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Am J Clin Nutr. 2019 May 1;109(5):1484-1492. doi: 10.1093/ajcn/nqz014.

Within-individual differences in plasma ferritin, retinol-binding protein, and zinc concentrations in relation to inflammation observed during a short-term longitudinal study are similar to between-individual differences observed cross-sectionally.

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Program in International and Community Nutrition, Department of Nutrition, University of California, Davis, CA.
Nutrition and Global Development, Bill & Melinda Gates Foundation, Seattle, WA.



Cross-sectional (CS) surveys indicate that individuals with acute inflammation have higher plasma ferritin (pF), and lower retinol-binding protein (RBP) and zinc (pZn) concentrations than those without. In populations with a high burden of infection, correction factors (CFs) or regression corrections (RCs) are applied to biomarkers to estimate the prevalence of micronutrient (MN) deficiencies adjusted for inflammation. This assumes that individuals with and without inflammation have the same nutritional status, which may not be the case.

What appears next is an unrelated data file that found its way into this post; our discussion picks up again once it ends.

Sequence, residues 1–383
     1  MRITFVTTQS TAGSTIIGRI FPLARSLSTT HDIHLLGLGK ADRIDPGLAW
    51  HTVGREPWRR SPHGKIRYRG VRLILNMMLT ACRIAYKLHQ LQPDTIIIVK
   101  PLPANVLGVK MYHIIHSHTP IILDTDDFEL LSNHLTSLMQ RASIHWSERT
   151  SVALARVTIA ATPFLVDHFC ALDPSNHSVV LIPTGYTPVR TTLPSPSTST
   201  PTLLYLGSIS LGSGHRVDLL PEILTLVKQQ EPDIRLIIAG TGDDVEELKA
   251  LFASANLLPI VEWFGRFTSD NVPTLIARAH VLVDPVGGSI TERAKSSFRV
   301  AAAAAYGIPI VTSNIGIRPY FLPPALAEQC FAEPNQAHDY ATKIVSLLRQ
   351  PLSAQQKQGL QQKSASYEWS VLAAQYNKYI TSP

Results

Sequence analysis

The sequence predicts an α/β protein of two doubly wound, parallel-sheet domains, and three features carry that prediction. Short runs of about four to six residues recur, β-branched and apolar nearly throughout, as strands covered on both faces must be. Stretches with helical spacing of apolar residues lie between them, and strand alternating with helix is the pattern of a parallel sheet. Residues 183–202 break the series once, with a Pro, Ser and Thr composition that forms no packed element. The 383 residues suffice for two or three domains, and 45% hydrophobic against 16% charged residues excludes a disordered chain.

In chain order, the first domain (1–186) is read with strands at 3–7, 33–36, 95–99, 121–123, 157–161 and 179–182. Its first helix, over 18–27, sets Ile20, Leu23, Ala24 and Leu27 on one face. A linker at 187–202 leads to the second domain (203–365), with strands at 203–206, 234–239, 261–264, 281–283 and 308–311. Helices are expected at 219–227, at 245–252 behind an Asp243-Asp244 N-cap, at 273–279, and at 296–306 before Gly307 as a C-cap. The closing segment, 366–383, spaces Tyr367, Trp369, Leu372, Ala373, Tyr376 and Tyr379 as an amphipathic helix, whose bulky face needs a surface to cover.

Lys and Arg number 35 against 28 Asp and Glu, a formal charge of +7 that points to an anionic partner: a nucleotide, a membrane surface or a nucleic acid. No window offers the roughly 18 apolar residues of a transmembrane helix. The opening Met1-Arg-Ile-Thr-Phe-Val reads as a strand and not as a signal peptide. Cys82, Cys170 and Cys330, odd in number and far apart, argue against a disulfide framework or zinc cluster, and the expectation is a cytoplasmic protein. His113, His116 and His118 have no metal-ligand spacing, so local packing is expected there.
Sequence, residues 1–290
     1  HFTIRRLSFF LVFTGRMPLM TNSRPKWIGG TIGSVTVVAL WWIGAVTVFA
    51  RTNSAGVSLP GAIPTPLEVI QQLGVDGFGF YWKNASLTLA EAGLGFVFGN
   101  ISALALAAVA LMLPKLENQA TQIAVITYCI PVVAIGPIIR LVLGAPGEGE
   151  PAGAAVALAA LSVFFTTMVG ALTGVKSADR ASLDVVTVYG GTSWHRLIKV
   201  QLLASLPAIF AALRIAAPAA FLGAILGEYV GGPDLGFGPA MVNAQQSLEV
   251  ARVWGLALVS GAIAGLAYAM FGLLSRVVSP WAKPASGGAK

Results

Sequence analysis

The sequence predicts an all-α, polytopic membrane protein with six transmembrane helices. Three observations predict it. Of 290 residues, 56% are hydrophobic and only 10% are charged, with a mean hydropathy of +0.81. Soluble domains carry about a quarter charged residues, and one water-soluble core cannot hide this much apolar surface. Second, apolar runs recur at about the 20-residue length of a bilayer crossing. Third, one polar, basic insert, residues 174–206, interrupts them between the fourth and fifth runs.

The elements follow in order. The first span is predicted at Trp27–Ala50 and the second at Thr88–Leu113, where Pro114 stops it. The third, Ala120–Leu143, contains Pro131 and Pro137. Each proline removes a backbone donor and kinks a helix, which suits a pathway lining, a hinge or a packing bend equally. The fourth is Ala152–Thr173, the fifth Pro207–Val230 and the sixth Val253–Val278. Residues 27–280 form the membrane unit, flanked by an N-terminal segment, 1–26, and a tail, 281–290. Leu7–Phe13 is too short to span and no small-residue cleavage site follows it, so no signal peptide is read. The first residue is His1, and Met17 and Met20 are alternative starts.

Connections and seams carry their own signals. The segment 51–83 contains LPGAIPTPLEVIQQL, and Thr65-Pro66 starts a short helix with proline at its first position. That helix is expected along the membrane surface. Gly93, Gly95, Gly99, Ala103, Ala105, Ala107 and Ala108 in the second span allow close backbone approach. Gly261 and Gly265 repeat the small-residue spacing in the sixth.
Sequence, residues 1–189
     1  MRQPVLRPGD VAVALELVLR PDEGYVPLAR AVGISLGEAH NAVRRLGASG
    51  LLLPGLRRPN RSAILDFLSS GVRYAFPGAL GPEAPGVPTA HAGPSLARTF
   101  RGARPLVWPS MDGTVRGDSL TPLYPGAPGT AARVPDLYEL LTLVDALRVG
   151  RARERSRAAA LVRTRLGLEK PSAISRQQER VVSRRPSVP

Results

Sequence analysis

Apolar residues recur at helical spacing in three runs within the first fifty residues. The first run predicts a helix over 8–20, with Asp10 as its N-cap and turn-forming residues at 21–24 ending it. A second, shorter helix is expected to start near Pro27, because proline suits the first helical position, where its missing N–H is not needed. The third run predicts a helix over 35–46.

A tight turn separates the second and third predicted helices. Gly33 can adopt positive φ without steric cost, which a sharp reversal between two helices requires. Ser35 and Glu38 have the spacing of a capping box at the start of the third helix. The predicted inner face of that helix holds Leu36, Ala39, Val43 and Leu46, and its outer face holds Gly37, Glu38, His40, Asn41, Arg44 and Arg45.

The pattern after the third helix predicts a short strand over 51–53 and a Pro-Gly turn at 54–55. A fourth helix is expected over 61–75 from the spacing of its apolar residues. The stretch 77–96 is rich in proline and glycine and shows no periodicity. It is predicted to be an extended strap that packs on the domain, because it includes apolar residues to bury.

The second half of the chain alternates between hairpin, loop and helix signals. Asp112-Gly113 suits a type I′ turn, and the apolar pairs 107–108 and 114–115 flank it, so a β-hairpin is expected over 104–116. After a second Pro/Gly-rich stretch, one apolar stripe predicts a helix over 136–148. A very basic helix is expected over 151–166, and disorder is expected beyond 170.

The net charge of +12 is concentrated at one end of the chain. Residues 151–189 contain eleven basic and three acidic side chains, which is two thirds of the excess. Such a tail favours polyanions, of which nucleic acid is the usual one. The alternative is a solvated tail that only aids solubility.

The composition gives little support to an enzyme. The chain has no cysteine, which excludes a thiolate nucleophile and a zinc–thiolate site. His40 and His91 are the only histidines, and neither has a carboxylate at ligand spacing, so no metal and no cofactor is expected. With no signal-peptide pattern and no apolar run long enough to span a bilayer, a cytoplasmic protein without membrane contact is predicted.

The aim of this study was to investigate relations between short-term, longitudinal within-individual changes in acute phase proteins (C-reactive protein [CRP], α-1-acid glycoprotein [AGP]) and biomarkers of MN status (pF, soluble transferrin receptor [sTfR], RBP, and pZn), and compare them to CS differences.


Two blood samples were obtained 21 d apart from 451 asymptomatic Burkinabé children aged 6-23 mo. To calculate CFs, inflammation was defined as CRP >5 mg/L or AGP >1 g/L, or both. The RC approach adjusted MN biomarkers to a presumably healthy reference point within the study population (10th percentile CRP or AGP concentration). CS CFs and RCs were estimated from a naive regression model, treating observations from the same children as independent. Longitudinal CFs and RCs, to estimate effects of within-individual changes in CRP and/or AGP, were estimated from general linear models, accounting for repeated measures.


In CS models, geometric mean pF and sTfR concentrations were 8-340% greater, and RBP and pZn 2-18% lower, in children with inflammation than those without. Except for sTfR, biomarker concentrations differed in the same direction and by similar magnitude within individuals whose inflammation status changed during the observation period. Although geometric mean MN concentrations differed significantly when adjusted with CS compared with longitudinal models, the estimated prevalence of MN deficiencies in CS and longitudinally adjusted models was similar.


The CF and RC approaches to adjust MN biomarkers for inflammation between individuals in CS surveys are valid approaches for data collection and programmatic decisions in comparable populations. This study was registered at as NCT00944853.


biomarker; deficiency; ferritin; infection; inflammation; iron; status; vitamin A; young children; zinc


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